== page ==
When a creature dies near you or your Wildfire spirit, you can cause flames to erupt from its corpse. When a creature touches them, you can either deal 2d10 + your wisdom modifier damage, or restore as much life to them. This can occur a number of times equal to your Wisdom modifier. Assuming a Wisdom score of 20, that’s up to 10d10 + 25 healing, which is the main attraction. Damage is also good, but healing is much rarer and thus more valuable. However, since the flames disappear when a creature touches them regardless of whether you want it to, DMs can “metagame” a little bit and have enemies deliberately take the damage, to deny healing for the party.

Blazing Endurance (level 14)

Once per long rest, prevents you from falling unconscious when you drop to 0 HP – provided you don’t die outright. Then, you gain temporary HP equal to five times your druid level (so from 70 up to 100), and deals fire damage (2d10 + your druid level) to everyone around you in quite the range (30 ft). These types of abilities that prevent unconsciousness  generally seem very situational for me, but in this case the other effects are quite powerful, and the theme fits excellently. This can also allow you to be much more aggressive, since you have a “guarantee” of survival backed with further insurance from the temporary HP.

Overall, this archetype has an interesting theme, which is realized in a very appropriate way. It has a good balance of offense, defense, and utility, allowing it to fill any role in the party – perhaps not as good as a dedicated class, but definitely good enough to work in a pinch.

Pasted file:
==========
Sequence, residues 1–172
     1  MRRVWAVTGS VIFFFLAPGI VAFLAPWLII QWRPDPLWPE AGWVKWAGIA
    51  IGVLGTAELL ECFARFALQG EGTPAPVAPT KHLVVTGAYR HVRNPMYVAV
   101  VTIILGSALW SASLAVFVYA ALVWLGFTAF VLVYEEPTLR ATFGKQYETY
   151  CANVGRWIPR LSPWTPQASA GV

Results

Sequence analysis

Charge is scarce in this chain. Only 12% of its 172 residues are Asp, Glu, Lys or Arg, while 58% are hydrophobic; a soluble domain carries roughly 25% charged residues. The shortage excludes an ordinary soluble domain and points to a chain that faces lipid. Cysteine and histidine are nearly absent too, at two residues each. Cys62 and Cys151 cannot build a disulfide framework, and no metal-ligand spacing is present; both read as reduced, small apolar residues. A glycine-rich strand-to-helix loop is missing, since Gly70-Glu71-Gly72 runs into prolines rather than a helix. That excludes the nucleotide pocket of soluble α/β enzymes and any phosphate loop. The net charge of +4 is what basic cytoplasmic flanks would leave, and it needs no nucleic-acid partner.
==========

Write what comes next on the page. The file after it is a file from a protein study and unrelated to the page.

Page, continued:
Finally, we have the most interesting one: A wizard arcane tradition called Onomancy. It revolves around the knowledge and usage of true names. A relatively common trope in fantasy, true names of people (and objects) allow you to affect them in a much more direct way.


Bonus Proficiencies (level 2)

You learn an extra language, and gain proficiency with calligrapher’s tools. Fits nicely with the theme, although I think you could learn two languages – it wouldn’t be that powerful.

Extract Name (level 2)

I expected True Names to be an awkward mechanic, but it’s as simple and straightforward as it gets. You target a creature, it makes a WIS saving throw, and if they fail you learn their true name (if they have one). There are still 2 issues though: If the target succeeds on the saving throw, you cannot try again, ever – at least according to the wording as is. There could be a softer limitation there, like a day, or a month – as long as you want it to, but not forever. Second, there is no mention of how many names you remember at any point. I assume you remember all of them forever – not an unreasonable mechanical decision to streamline the process, but it would make sense to limit them. For example, you remember a number of true names equal to your Intelligence Modifier plus your Wizard Level. If you learn more, you choose which one to forget. Alternatively, you can write down more True Names in your spellbook, but it costs you something – such as gold and time, similar to writing more spells. Obviously, this makes things a bit more complicated – but it also helps the player actually remember what names they have gathered, otherwise they’d constantly ask themselves if they know this or that character’s name, and if they already tried to learn it.

Fateful Naming (level 2)